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Courses - Microsoft Access 205
Description: Intermediate Microsoft Access 5
Running Time: 72 minutes
Pre-Requisites: Access 204 very strongly recommended
Previous Lesson: Access 204
Next Lesson: Access 206
Main Topics: Mass Mailing, Forms!FormName Notation, Multi-Column Reports, Print Post Cards
Versions: This course is valid for Access 2000 through 2003. If you are using Access 2007 or 2010, you will still benefit from this course. You will find that the concepts are the same, but there are cosmetic differences between the versions.

    

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Microsoft Access 205
Intermediate Access 5

Using Our Letter Writer for Mass Mailings, Collection Letters, Generic Sales Letters, Columns in Reports, Post Cards. 72 Minutes.
 

AC205 Major Topics

  • Letter Writer - Mass Mailings
  • Forms ! FormName Notation
  • Multiple Column Reports
  • Printing Post Cards

In this class, we're continuing on with the Letter Writer we started building in Access 204. This time, we're focusing on Mass Mail - making it so you can send mass mailings directly from your database (without using an outside program like Microsoft Word). We'll make a series of collection letters, and a generic letter template for sending things like sales letters and such. We'll also see how to format reports to print Post Cards. If you do any mass-customer correspondence, this is a great class.

We will begin by adding some fields to our Customer table to track which customers have past-due amounts on their account, and what date their bills are due. It's a simplified version of what will come later - a full order-entry system where we can track invoices. But for today, this will do the job.

 

Next, we'll make a query to show us only the customers who have past-due amounts. We'll make it a parameter query so the user can type in the past due date (in case you want to see customers that are 30-days due, 60-days due, etc.)

 

Next, we'll learn all about the Wildcard Field (*) in queries. How you can use it to bring all of the fields from a table into a query, and why it's so very powerful.

 

Next, we'll edit the letter we started building in the last class for individual correspondence, and we'll make it work with our new query for collection letters.

Then, we'll build a new table and form to hold our letters - meaning we will create "stock" letters, like a 30-day past due letter. We can then select which letter we want to send out using this form!

 

We'll see how we can get values from a form into a report, just like we did by getting values across two forms.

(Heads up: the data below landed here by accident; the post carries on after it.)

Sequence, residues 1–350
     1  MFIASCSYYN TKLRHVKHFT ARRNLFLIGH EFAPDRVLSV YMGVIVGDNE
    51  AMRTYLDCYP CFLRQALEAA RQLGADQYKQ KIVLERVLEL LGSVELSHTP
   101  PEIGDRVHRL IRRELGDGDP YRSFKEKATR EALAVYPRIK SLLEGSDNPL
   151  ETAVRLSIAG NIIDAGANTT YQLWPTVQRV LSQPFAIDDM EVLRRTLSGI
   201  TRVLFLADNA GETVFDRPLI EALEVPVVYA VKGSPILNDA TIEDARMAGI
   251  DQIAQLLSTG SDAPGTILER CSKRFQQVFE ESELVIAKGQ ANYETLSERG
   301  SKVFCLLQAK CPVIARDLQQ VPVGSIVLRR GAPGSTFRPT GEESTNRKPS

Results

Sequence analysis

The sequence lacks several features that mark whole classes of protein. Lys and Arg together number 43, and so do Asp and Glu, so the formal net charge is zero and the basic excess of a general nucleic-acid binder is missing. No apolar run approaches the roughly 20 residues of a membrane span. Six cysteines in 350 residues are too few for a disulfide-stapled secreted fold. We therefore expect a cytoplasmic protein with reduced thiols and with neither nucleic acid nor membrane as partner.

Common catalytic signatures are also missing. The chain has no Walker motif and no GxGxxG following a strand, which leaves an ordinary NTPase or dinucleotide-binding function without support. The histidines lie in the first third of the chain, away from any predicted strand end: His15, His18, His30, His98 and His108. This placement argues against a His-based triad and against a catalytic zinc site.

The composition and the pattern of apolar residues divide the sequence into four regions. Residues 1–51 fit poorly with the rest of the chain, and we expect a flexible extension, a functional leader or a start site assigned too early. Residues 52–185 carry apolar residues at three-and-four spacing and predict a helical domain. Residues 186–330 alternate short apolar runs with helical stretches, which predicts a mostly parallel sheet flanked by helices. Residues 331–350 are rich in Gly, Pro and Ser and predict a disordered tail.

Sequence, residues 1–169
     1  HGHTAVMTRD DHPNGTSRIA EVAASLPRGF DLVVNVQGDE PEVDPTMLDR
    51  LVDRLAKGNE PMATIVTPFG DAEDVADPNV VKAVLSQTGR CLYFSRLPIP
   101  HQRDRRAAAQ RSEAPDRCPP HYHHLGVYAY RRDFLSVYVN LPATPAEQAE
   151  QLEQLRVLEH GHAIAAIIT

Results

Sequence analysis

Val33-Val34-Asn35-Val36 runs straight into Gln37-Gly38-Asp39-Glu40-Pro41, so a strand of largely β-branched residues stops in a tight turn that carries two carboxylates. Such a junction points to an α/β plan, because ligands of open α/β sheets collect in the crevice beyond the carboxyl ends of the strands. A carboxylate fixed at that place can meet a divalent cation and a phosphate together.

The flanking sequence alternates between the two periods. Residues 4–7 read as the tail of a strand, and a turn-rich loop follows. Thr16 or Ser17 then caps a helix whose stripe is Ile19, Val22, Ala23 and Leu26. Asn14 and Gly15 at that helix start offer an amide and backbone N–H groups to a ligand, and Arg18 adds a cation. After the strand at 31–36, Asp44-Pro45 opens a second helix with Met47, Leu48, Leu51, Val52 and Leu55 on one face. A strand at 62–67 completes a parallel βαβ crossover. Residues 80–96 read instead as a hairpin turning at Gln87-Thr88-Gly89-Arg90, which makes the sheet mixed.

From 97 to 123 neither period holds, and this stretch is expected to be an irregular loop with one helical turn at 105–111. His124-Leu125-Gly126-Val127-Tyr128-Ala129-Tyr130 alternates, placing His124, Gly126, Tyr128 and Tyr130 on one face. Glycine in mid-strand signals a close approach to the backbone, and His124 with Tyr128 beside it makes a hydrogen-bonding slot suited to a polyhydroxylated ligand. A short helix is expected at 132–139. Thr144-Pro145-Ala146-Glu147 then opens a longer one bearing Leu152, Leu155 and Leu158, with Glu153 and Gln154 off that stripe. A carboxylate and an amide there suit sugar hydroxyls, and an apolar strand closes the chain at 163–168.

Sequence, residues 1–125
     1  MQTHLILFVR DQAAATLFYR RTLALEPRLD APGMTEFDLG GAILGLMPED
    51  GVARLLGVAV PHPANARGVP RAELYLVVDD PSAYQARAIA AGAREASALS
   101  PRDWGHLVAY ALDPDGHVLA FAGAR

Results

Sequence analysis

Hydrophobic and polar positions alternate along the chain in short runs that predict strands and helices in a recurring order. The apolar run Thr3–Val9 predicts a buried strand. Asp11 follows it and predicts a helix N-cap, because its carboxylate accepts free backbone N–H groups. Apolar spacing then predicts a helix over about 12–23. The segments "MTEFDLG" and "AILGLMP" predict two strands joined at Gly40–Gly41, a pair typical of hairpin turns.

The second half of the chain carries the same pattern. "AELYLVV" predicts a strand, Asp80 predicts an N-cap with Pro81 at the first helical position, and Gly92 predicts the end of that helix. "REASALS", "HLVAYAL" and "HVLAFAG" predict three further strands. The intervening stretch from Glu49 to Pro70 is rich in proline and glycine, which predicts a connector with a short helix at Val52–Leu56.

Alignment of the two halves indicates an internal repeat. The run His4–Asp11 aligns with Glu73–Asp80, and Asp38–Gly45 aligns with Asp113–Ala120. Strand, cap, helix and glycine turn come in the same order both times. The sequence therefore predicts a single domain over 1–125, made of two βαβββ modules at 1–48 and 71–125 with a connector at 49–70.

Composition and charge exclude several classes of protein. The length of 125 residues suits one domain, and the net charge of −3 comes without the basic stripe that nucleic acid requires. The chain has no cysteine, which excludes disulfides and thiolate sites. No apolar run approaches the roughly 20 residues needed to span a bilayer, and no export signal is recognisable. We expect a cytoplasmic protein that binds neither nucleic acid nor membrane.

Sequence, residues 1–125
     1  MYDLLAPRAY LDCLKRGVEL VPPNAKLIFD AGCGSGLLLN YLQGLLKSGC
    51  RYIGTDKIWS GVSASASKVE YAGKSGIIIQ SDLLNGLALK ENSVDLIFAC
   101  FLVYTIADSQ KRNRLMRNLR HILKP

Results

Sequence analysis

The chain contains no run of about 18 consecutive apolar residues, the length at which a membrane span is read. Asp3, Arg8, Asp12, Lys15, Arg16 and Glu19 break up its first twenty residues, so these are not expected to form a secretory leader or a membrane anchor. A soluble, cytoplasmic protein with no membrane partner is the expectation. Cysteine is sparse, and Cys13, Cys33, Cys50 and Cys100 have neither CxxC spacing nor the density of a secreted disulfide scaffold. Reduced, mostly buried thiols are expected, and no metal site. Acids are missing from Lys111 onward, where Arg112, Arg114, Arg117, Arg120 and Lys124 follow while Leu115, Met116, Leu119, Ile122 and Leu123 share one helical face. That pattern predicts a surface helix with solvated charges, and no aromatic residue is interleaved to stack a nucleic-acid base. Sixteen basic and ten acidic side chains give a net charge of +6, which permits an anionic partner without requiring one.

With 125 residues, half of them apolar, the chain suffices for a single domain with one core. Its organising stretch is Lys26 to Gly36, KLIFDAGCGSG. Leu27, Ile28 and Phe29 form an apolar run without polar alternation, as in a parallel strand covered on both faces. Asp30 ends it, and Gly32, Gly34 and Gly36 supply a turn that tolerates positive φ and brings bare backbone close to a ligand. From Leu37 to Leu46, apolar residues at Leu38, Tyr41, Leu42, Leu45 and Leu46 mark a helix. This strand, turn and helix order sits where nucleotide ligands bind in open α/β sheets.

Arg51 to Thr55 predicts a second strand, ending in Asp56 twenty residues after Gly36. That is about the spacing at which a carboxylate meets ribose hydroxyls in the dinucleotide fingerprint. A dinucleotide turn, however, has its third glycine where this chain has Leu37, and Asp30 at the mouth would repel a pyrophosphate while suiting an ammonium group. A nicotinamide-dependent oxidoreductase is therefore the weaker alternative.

Next we will learn how to force a new page to start after each customer record so we can print one customer letter to a page.

 

We will learn how to take the specific fields from our query and use them on the report for each customer.

 

We'll then add the capability for the user to enter in the date for the report right on the form - preventing us from having to type it in all the time. Again, this goes back to the topic of getting values across forms and reports.

 

Now that we've built a letter specific to sending collections, with just a little modification we can make this system generic - so we can send everything from sales and promotional letters to holiday greeting cards. We'll begin by adding a field to our customer table so we can track which customers to mail to.

 

We'll create a mailing list query (easy to do) and then create a separate letter report for this generic letter. We'll add a new button to our form to open this letter instead. Plus, I'll teach you a neat trick to make your forms look cool with some rectangles and other effects.

 

We will edit our Customer List Form to show a checkbox where we can quickly and easily add or remove customers to/from our mailing list.

 

Now since we've been working with mailings, we'll spend some time learning how to format a report to print post cards. We'll begin by learning how to turn columns on in our reports. This will let us print four post cards on a page.

 

Then we'll use the same techniques from creating our letter (in fact, I'll show you how to just 'borrow' some of the fields) to create our post cards.

 

Again, if you are interested in using your Access database to do any kind of mass mailing, customer correspondence, post cards, or anything of this nature - or if you want to learn more about formatting reports - don't miss this course!

 

Access 205 Outline
 
1. Past Due Customers
Add fields to CustomerT: AmountDue, AmountDueDate
Create a past due query
Wilcard Field (*) in queries

2. Letter Table & Report
Copy letter to work with new query for collection letters
Create a Letter table to hold your letter text
Create a Letter form
Bringing data from an unbound form field into a report

3. More Letter Report
Force new page after section in reports
Create a greeting line
Place AmountDue and AmountDueDate in letter report
The difference between DefaultValue and ControlSource
Place report date in unbound text box on LetterF

4. Generic Letter Report
Making the letter writer generic so we can send to anyone
Add IncludeInMailing field to CustomerT
Create a Mailing List query
Create a generic letter report
Form design tricks with rectangles
Create a button to open generic letter report
Add IncludeInMailing field to customer list form
Add IncludeInMailing field to customer form
Update main menu with button to letter form

5. Post Cards
Create a blank report to use for post cards
Columns in reports
Sizing the post cards properly
Copying data fields and labels from other reports
 


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